The Perfectionist

(Literary Masterpieces, Volume 5)

When Bernard Loiseau killed himself on February 24, 2003, his death was reported on every French newscast and in every French newspaper. Three thousand mourners attended his funeral. According to a survey, nine out of ten French people knew Loiseau’s name. In the United States, however, the passing of the chef and owner of La Côte d’Or in Saulieu, a man who had appeared on the cover of Time magazine, went largely unremarked. Only in France, as Rudolph Chelminski explains in The Perfectionist: Life and Death in Haute Cuisine, does a masterful chef command the same celebrity as an athlete or a rock star does in the Stateseven among the many people who could never pay up to a thousand dollars for dinner for two.

How Loiseau rose from relatively humble beginnings to being the operator of a three-star restaurant and inn, and how his story illuminates the wider world of French cuisine, is the subject of The Perfectionist. Chelminski has been over some of this ground before, in decades of magazine articles and in The French at Table: Why the French Know How to Eat Better than Any People on Earth and How They Have Gone About It, from the Gauls to Paul Bocuse (1985). In this earlier book, Chelminski visited famous and little-known restaurants throughout France, demonstrating an educated palate and a pleasant demeanor that has made him a welcome patron. He appreciates good food and the hard work that goes into producing it.

In Loiseau’s case, the hard work began with an apprenticeship arranged by his father in 1968, when the boy was seventeen years old. In the kitchen of the Troisgros brothers, Jean-Baptiste and Pierre, he spent twelve-hour days doing what every beginning kitchen apprentice does: hauling coal from the cellar, washing counter tops and ovens, and scrubbing the firebox with a wire bush, in addition to chopping vegetables and, after months of training, killing frogs by swinging their heads against the edge of a work table. Only fifteen days after Loiseau went to work at Les Frères Troisgros, the restaurant was awarded a third Michelin star, the highest award for cuisine in France. It was the beginning of Loiseau’s dream of one day running a three-star restaurant himself.

To help his readers understand the significance of this dreamand the boldness of itChelminski pauses for a history of Le Guide Michelin, the guidebook that rates French restaurants according to a strict and mysterious system of secret inspectors and hidden criteria. Long recognized as the indisputable scorekeeper of French haute cuisine, the Michelin Guide began in 1900 as a simple listing of names and addresses of places motorists might like to visit. Issued by the Michelin tire company, the goal of the guide was to encourage people to drive their newfangled automobiles more frequently, so they would need more tires. Restaurants a few hours away from Paris received special attention, because people out for a day of recreational driving needed good, reliable food to break up their trips. In 1933, the guide began rating restaurants according to their quality, awarding two stars to places with “excellent cooking, worth a detour,” and three stars to those with “exceptional cuisine, worth a special journey.” Only a few restaurants were deemed worthy of three stars (though Michelin has always denied having a set limit); after Loiseau’s death there were only twenty-four three-star chefs in all of France.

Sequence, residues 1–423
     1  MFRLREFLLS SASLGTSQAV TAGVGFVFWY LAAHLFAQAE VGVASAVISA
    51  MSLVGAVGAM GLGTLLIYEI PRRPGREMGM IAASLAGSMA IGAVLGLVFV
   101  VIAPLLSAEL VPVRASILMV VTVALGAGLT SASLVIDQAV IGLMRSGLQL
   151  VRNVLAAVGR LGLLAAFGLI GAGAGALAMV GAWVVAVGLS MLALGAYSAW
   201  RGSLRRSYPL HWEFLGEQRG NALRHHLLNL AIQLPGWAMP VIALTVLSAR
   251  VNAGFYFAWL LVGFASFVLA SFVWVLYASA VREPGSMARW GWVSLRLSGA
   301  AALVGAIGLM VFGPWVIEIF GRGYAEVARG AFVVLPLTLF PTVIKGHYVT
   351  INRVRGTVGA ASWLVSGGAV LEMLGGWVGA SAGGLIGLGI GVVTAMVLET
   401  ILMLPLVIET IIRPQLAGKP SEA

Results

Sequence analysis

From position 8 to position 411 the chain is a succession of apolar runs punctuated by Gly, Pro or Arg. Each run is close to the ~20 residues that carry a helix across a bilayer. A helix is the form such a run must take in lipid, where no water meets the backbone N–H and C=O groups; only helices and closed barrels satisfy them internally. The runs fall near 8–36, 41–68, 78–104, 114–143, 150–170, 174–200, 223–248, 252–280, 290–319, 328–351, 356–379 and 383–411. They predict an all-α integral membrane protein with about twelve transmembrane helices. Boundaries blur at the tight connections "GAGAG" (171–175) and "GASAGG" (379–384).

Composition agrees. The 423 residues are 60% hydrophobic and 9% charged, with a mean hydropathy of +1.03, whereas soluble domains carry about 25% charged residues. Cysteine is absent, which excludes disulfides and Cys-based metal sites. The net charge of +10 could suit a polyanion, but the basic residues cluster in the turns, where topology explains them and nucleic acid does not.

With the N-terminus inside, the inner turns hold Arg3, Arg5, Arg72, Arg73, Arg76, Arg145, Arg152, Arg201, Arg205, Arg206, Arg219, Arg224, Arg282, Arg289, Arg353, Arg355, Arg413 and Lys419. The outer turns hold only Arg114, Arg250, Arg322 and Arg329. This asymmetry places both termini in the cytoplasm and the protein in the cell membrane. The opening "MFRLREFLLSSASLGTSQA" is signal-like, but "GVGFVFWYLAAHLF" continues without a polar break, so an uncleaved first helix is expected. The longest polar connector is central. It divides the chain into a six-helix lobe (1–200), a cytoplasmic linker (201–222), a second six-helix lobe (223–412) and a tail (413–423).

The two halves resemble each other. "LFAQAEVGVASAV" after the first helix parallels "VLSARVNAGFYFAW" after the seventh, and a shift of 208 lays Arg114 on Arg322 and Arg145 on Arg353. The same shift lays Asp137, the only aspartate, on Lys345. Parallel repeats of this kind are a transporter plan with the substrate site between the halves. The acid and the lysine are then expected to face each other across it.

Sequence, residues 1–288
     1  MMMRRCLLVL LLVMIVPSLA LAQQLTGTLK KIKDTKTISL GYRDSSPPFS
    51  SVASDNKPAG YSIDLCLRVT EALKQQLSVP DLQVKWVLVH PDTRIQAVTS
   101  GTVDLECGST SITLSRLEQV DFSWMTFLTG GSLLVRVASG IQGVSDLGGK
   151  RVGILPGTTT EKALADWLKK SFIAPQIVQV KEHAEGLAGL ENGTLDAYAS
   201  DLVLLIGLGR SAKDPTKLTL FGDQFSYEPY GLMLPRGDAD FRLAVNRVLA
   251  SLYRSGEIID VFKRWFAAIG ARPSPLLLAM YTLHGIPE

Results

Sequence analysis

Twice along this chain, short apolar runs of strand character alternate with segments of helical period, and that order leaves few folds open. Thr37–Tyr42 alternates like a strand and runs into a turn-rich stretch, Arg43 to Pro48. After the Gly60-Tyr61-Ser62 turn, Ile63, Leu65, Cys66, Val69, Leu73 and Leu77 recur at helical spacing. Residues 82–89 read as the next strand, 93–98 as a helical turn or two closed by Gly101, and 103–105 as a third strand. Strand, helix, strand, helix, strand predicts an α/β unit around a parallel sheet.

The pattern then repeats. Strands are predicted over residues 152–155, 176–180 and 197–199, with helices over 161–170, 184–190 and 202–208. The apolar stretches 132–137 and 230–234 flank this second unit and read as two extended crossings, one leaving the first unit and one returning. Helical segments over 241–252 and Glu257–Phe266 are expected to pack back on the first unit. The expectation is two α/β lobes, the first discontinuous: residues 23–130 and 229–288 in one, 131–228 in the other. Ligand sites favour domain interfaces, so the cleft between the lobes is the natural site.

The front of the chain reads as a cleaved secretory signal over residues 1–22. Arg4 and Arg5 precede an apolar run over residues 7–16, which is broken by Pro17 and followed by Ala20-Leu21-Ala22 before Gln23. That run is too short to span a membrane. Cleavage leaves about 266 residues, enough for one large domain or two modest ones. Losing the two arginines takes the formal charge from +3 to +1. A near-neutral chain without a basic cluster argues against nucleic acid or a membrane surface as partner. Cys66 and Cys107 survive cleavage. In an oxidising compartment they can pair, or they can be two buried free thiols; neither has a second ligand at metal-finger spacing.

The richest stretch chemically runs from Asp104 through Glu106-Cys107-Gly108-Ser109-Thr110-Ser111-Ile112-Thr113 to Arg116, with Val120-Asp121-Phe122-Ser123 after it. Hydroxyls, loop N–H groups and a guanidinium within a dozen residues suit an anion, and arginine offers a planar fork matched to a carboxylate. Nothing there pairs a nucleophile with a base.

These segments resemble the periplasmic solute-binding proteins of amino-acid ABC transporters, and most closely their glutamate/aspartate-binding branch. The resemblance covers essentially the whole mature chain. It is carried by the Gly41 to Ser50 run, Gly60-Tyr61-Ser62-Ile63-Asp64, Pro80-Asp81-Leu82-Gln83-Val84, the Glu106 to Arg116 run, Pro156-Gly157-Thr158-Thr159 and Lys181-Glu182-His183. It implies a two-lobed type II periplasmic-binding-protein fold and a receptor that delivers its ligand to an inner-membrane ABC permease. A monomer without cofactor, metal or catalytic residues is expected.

To be worthy of three stars, a restaurant must be nearly perfect in every detail: setting, service, atmosphere, china, silverware, presentation, and especially the food. Chelminski clearly understands and delights in food. He devotes paragraph after paragraph to describing complex and expensive dishes, and his prose is nowhere more elevated and yet whimsical than when he is praising haute cuisine. One sentence, from his tale of Loiseau’s spiritual grandfather, Fernand Point, will suffice to demonstrate this aspect of Chelminski’s style:Point was perfectly capable of strutting his stuff with showpieces like turbot à l’amiral, which required two sauces, one based on white wine and the other on red, or the even more complex filets de sole Brillat-Savarin, a creamy lobster mousse jacketed in sliced truffles, surrounded by...

(The entire section is 1763 words.)


(Literary Masterpieces, Volume 5)

Booklist 101, no. 16 (April 15, 2005): 1421.

Kirkus Reviews 73, no. 6 (March 15, 2005): 327.

Library Journal 130, no. 7 (April 15, 2005): 112-114.

The New York Times 154 (June 1, 2005): E1.

The New Yorker 81, no. 7 (April 4, 2005): 88-92.

Publishers Weekly 252, no. 13 (March 28, 2005): 65.

Smithsonian 36, no. 5 (August, 2005): 103.

The Times Literary Supplement, March 4, 2005, p. 25.

The Washington Post Book World 35 (May 29, 2005): 2.